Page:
Kim’s Quest To Dismantle Patriarchy

Introduce yourself

Hello! My name is Kim Windvogel and I am a 25 year old feminist 2016 and an Activator based in the Western Cape.

What is your field of passion/interest?

I am a feminist and I believe in the empowerment of youth to drive change in this country, where 66% of the population fall under the age of 35.

What are you doing to drive change?

I run an organisation with 2 other extremely dynamic womxn of colour: Kelly Koopman and Loren Loubser called FEMME – Freedom of Education Motivates Empowerment. We believe students need an alternative educational structure that encourages creative, interactive learning and focuses on the needs of the student.

How has ACTIVATE! Supported you in driving that change?

ACTIVATE! is a very emotionally and mentally taxing programme. If you are ever a part of ACTIVATE! you need to trust the process and completely immerse yourself in the workshops. It’s like with every module I feel my body and mind growing stronger and stronger. ACTIVATE! puts you into contact with like-minded people and challenges you to think about things critically and then to structure those thoughts to come to your own, better understanding.

Acknowledging August as women’s month, what does it mean to be a woman in leadership in South Africa today?

It means not merely filling leadership positions, but changing the narrative of patriarchy and to use your voice for the womxn and feminist agenda.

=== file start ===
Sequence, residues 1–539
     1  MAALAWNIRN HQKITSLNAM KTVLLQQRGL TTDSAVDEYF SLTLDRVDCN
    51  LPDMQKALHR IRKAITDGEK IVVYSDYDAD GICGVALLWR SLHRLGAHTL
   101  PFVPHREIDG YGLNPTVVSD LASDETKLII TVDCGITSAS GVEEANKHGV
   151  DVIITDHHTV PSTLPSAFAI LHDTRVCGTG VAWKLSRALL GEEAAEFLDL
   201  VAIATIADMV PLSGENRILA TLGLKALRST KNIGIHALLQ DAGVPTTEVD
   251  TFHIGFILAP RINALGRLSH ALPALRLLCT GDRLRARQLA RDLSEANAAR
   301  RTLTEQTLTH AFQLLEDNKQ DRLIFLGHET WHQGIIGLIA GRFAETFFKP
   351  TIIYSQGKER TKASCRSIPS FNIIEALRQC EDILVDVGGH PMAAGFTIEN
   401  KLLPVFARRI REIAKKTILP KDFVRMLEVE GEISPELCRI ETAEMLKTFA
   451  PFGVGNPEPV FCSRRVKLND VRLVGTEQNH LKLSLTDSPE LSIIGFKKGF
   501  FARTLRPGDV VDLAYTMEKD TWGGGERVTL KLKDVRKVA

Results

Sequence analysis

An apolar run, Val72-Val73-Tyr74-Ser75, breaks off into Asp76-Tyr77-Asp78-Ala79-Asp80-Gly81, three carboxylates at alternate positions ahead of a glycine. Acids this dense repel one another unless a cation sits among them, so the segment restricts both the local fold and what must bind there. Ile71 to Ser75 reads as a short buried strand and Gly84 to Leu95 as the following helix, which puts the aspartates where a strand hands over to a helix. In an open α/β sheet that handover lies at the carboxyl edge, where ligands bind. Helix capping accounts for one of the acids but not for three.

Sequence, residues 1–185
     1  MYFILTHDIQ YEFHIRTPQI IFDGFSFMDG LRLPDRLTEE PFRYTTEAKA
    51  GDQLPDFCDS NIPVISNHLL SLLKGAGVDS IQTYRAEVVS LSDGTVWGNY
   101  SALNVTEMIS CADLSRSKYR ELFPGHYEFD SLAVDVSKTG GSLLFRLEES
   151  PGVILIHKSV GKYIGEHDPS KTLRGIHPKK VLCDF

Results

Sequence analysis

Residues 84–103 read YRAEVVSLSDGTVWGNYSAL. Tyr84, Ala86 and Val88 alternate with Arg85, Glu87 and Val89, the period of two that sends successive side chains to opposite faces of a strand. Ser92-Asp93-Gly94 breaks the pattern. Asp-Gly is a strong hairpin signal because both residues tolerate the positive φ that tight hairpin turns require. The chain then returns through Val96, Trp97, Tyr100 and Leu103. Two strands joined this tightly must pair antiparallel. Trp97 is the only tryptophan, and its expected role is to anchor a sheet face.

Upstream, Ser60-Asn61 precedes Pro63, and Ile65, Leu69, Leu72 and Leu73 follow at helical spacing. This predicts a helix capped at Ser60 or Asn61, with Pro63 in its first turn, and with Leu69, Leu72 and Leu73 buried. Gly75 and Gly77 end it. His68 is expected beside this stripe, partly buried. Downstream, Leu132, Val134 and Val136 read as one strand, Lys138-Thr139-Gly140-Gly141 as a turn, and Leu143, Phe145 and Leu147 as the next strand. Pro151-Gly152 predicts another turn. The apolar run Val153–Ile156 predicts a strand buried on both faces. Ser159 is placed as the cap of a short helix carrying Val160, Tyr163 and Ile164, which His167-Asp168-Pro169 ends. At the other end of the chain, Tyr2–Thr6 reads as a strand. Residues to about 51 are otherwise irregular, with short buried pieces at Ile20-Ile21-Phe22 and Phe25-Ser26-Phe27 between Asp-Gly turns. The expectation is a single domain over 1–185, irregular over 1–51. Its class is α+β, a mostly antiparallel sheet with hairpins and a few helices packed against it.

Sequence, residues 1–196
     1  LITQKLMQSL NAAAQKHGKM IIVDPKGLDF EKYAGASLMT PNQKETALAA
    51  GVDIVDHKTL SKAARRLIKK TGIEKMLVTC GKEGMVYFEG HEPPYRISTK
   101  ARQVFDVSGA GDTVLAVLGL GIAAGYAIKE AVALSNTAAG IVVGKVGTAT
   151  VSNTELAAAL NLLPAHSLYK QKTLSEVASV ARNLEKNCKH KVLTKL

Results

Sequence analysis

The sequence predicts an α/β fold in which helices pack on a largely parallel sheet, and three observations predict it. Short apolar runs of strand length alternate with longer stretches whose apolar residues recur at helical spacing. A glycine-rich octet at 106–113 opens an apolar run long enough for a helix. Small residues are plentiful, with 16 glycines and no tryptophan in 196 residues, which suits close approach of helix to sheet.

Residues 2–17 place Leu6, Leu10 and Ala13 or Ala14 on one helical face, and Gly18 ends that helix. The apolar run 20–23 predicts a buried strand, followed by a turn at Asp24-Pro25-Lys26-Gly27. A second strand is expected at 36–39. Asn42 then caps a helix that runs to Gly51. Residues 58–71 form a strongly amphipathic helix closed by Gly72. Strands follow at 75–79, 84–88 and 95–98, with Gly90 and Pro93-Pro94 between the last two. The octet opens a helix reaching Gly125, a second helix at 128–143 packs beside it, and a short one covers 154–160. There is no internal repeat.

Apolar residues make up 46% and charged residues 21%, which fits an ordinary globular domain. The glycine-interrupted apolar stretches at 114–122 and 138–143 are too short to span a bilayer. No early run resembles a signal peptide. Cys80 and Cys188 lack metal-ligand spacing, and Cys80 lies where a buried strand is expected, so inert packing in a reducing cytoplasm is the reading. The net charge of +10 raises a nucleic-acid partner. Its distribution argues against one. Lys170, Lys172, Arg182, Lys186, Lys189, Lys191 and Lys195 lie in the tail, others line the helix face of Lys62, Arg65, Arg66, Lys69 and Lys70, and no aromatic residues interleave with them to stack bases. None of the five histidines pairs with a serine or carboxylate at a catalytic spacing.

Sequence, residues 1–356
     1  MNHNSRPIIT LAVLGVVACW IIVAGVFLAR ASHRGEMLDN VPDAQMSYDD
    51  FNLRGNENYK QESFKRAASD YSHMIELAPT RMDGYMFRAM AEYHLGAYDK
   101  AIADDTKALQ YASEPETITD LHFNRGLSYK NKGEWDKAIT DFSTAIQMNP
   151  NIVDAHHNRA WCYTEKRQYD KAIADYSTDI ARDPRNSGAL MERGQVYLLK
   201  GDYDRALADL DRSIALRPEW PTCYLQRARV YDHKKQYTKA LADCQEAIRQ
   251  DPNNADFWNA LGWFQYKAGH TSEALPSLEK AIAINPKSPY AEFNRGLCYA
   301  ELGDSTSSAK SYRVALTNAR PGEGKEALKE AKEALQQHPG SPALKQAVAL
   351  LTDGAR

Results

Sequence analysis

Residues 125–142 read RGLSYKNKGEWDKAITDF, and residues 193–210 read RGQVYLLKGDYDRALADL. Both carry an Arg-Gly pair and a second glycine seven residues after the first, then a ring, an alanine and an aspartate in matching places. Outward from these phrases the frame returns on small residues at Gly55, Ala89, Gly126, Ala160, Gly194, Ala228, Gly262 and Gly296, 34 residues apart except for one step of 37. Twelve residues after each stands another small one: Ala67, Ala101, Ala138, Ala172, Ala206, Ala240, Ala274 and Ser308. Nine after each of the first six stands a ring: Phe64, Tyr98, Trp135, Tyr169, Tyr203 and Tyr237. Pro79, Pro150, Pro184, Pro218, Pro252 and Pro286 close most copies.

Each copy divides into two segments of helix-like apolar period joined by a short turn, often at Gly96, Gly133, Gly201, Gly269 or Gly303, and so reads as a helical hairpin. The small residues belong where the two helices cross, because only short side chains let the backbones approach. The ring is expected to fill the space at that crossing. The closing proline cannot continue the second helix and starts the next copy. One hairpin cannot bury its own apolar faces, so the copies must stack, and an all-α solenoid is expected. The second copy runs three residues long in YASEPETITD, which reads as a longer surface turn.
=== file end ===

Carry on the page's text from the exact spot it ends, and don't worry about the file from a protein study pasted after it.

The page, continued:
What should be the priority in setting the agenda for South Africa in the next 5 years?

Education that is not prejudiced and does not continue to push the agenda of the previous regime. Education that empowers our learners to understand their histories. Restructuring what food security means by distributing our award-winning South African produce to South Africans, not exporting it for profit. Dismantling the societal constructs (Imperialist White Supremacist Capitalist Patriarchy – bell hooks) that prohibit people from growing and freely existing.

How do you motivate yourself?

I remind myself where my people come from and how far we still have to go. This means constantly opening wounds and being cognisant of the injustices we face as people-, and womxn of colour.

Final comments?

“Like the kings in the past who forced their sons to watch as they would perform the ritual of beheading the criminals, I am forced to look at the oppression of my people, womxn and not turn my head or even blink. I have to be strong. Not for my father, but for my mothers and my daughters”

 Those who have voices that people listen to, it is not enough to ignore what is going on in the world and how it is a system of oppression that keeps society ill-informed to its doings so that it can continue the oppression of marginalised groups. It is not enough to turn away. We need to challenge and sometimes we need to take ourselves to places that seem too dark to process in order for humanity to heal itself and to dismantle the patriarchy.

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